Recently, increasingly fierce competition among enterprises leads a higher level of employees’ work pressure. As a result, enterprises pay more and more attention to workplace well-being. A mass of empirical studies have confirmed that high levels of employee well-being can lead to positive outcomes. Therefore, exploring the influencing factors of employees’ workplace well-being has become an important topic for both enterprises and academia. Existing studies have mainly discussed personal and environmental factors respectively, which ignores the joint effect on well-being. The role of leaders, as the key external source for promotion, supporting and training, is the focus of this study. Accordingly, the influence of fit between leaders and followers in proactive personality on workplace well-being has aroused more and more concern. However, the affect and mechanism have not been fully explored.
As an important form of expression in interpersonal relationship, trust has attracted more and more attention on the impact of well-being. And from the view of team, matching between followers and leaders promotes the dependence of both sides, improves the quality of information exchange and finally generates trust. As a factor that has a more direct effect on followers’ well-being in the work situation, trust in leaders plays a key role in improving the positive perception about work. In response to this, and based on the data from a questionnaire survey of 1495 leaders and 6179 subordinates in an IT industry, we can see the analysis results by polynomial regression and response surface show that:（1）Comparing with the congruence of proactive personality of leaders and followers, followers show more trust in leaders in the case of incongruence.（2）When the proactive personality of leaders and followers is congruent, the combination of “high-high” leads to a higher level of trust than “low-low”.（3）In the case of incongruence, leaders and followers’ “high-low” combination makes followers less likely to show trust than that of the “low-high” combination.（4）The incongruence of proactive personality between leaders and followers can influence workplace well-being through followers’ trust in leaders.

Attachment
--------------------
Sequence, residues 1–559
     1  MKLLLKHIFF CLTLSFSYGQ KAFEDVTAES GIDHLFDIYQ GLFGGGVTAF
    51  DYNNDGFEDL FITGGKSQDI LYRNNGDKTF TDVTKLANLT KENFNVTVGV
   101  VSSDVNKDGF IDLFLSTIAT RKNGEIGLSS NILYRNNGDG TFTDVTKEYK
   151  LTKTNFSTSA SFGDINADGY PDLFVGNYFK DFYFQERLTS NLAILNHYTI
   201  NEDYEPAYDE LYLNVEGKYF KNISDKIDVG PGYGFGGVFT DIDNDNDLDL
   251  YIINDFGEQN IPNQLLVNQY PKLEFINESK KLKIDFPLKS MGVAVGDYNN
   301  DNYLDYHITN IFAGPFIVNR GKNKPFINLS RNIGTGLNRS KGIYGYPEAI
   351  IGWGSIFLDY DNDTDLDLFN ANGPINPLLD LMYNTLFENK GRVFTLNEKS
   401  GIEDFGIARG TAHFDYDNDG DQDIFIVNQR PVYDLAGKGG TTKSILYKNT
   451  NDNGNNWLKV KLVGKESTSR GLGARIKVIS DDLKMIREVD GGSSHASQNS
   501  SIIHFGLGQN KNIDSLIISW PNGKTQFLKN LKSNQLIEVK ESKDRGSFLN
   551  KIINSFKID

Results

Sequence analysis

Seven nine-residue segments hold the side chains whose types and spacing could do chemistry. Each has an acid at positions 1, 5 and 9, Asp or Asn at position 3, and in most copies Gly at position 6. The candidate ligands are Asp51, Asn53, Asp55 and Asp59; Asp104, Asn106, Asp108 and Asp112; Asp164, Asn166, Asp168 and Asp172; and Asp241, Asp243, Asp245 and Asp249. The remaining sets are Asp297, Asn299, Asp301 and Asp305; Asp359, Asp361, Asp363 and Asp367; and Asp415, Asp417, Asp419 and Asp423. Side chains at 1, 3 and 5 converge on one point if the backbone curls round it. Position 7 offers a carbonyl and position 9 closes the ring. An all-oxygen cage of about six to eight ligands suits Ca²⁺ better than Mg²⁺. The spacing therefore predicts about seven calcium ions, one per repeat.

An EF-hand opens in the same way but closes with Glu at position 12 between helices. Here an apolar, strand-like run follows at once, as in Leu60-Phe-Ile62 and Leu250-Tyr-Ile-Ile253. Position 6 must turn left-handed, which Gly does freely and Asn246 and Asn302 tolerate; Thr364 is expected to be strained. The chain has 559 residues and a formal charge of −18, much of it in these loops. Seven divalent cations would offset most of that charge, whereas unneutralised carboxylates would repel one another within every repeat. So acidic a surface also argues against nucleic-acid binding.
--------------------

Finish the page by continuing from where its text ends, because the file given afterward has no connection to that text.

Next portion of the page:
Theoretical contributions are reflected on the following: Firstly, based on the dominance complementarity theory, this study not only broadens our understanding of the effects of different forms of personality matching, but also helps us clarify workplace well-being from the perspective of dyadic interaction. Secondly, our research expands the antecedent study of trust in leaders. Thirdly, this study widens the research about trust in leaders as a mediation. In practice, contributions are first shown as guides for recruitment and selection. Second, leaders with high proactive personality should actively satisfy followers with high proactive personality. Finally, for followers with low proactive personality, leaders’ more efforts when interacting to gain trust equally deserve the same attention.